It’s not what you do, it’s the way that you do it – five of the best uses of technology for MICE

In the wake of CES, our recent trip to ISE and looking ahead to IMEX in Frankfurt in May, technology has been very much on our minds. We’re always keen to see how the latest innovations can help make our work more compelling: but we firmly believe that above all, any new technology should aim to enhance interactions between humans at events and conferences, rather than replace them. After all, building relationships is the number one reason delegates attend events.

So often it comes down not to what the technology is, but how it’s used – so here are some examples of the latest tech being used to great advantage:

  • Facial recognition technology – one of the most tedious parts of attending events is getting badges and other registration aspects sorted out at the beginning. Zenus Biometrics uses uploaded pictures from delegates and facial recognition software to register delegates automatically as they approach the event entrance, and has just piloted a livestreamed version of it at HRTechWorld in Amsterdam.We could see this becoming integral to individual stands in the future, giving staff a jump start on getting positive conversations started with visitors.

  • Chatbots – Chatbots have the potential to replace event apps with much more natural ways for delegates to access essential information: simply texting enquiries to a dedicated chatbot provides far fewer barriers to entry than downloading a dedicated app. More efficient dissemination of practical info means that event staff can spend more time doing what humans do best: dealing with more complex queries to ensure that delegates are getting the most out of their event. You can chat to Sciensio’s Concierge Event Bot on their website - it’s very impressive.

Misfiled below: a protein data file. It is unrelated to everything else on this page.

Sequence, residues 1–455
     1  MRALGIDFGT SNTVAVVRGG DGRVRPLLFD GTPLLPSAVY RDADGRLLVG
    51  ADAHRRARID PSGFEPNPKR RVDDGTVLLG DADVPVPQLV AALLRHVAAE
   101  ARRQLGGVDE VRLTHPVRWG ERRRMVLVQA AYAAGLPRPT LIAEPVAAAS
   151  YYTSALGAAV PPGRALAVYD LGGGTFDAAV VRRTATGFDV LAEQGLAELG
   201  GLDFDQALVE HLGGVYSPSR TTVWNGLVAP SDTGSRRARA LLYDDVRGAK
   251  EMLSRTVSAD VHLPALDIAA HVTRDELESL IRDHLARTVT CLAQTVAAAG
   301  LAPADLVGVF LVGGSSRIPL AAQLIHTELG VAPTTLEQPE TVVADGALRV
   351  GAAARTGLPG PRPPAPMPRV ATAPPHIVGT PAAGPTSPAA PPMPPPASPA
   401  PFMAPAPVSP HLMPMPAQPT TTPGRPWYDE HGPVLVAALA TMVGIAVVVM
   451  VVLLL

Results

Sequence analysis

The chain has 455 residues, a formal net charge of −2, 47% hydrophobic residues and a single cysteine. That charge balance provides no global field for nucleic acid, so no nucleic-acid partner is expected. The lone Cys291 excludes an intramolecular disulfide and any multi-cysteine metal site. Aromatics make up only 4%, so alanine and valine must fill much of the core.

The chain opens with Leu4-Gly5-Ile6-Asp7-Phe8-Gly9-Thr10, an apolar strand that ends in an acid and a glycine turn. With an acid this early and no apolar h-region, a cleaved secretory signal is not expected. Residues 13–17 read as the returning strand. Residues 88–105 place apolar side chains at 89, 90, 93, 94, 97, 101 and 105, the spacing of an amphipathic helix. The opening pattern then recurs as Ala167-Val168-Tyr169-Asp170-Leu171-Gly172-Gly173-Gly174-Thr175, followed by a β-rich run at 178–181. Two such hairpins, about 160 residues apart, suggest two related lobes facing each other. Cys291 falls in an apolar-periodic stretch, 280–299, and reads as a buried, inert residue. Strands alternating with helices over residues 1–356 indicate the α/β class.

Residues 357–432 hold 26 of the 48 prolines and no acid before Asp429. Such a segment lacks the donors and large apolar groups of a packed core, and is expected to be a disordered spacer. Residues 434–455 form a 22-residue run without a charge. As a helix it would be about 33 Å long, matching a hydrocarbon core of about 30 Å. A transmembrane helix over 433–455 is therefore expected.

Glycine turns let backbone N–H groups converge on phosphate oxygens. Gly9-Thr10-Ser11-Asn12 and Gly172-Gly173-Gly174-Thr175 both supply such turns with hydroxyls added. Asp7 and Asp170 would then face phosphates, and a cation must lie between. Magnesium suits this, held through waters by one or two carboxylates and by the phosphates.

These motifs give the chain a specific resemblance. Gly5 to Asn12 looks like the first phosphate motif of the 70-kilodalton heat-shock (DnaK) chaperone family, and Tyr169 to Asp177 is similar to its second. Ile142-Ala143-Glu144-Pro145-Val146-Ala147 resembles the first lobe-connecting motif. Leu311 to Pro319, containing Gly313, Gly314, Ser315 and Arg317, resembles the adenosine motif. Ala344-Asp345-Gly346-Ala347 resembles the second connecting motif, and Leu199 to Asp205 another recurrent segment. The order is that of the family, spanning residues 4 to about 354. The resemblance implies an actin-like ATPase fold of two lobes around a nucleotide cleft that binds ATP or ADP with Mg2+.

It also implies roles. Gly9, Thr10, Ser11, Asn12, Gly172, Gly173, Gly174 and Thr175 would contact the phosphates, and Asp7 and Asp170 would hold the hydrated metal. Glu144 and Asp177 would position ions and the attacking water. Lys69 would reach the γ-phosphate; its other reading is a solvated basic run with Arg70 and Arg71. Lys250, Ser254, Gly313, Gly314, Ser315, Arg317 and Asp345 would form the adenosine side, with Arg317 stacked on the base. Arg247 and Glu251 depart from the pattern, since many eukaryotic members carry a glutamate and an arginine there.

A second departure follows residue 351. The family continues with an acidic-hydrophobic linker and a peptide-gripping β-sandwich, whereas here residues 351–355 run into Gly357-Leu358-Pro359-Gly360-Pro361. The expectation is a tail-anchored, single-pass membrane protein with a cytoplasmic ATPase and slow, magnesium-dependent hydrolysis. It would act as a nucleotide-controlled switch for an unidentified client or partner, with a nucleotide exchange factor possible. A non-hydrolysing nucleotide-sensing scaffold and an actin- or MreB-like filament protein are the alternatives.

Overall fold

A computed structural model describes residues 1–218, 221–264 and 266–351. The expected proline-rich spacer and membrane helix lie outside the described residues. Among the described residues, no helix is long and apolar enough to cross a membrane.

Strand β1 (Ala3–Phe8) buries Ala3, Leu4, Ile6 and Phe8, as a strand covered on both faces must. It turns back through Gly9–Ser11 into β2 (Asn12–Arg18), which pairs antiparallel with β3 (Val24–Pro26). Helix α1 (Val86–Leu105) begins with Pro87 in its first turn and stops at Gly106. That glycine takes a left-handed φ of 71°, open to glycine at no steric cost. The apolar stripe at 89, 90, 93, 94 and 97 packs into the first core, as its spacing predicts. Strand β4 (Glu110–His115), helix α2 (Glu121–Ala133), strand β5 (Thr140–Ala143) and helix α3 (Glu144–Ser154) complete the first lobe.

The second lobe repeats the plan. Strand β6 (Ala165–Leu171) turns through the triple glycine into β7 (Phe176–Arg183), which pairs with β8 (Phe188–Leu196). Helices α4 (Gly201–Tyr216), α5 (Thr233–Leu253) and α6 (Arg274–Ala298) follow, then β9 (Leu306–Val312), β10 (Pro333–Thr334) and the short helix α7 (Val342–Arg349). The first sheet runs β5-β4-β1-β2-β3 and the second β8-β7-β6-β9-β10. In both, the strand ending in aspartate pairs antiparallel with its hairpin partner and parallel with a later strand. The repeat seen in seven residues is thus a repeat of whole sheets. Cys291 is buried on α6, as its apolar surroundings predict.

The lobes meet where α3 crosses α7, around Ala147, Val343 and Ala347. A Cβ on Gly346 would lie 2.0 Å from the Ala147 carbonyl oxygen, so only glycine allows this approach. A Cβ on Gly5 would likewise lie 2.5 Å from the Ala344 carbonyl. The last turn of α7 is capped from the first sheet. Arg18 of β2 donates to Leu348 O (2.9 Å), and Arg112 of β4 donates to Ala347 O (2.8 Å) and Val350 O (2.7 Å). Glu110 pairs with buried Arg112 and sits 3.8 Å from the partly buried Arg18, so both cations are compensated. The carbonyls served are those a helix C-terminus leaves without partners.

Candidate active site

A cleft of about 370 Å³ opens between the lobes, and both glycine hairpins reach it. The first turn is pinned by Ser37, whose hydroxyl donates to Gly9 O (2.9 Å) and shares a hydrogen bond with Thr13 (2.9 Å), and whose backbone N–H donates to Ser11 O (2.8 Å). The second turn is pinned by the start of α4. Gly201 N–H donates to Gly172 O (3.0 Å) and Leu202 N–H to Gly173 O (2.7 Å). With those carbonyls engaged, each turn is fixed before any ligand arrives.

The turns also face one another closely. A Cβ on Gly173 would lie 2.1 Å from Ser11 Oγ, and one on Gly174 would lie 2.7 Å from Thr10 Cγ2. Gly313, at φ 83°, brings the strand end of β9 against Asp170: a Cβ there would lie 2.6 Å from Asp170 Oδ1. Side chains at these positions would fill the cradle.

• Visual displays – At CES 2018 much of the standout tech was focused on increasingly flexible displays. LG demonstrated a rollable TV that not only can be adjusted to any size, but looks like it would be much easier to transport in its box than a standard screen. But most impactful was their OLED Canyon, a 28 metre long walkthrough of 246 curved LG OLED displays, showing just how versatile displays have become. For another great example of these stunning curves in action, take a look at the digital signage in action at the N Seoul Tower.

  • Augmented Reality and Virtual Reality – it’s taken a while for AR and VR to move to beyond a fun gimmick to a really useful tool in the event manager’s arsenal. We were struck by DB Pixelhouse’s virtual hangar as particularly useful for the aerospace industry, where there are issues of logistics and access involved in giving visitors a true picture of large items such as planes.

While we love all these examples, we don’t think we’ve even scratched the surface of the potential of these technologies as yet. This fully immersive VR experience in London, for example, gives just a glimpse of things to come, so we’re going to be keeping a close eye on these technologies – and those coming over the horizon – and ways in which they can enrich and enhance the human interactions that make events and exhibitions so compelling.

OpinionTom Exon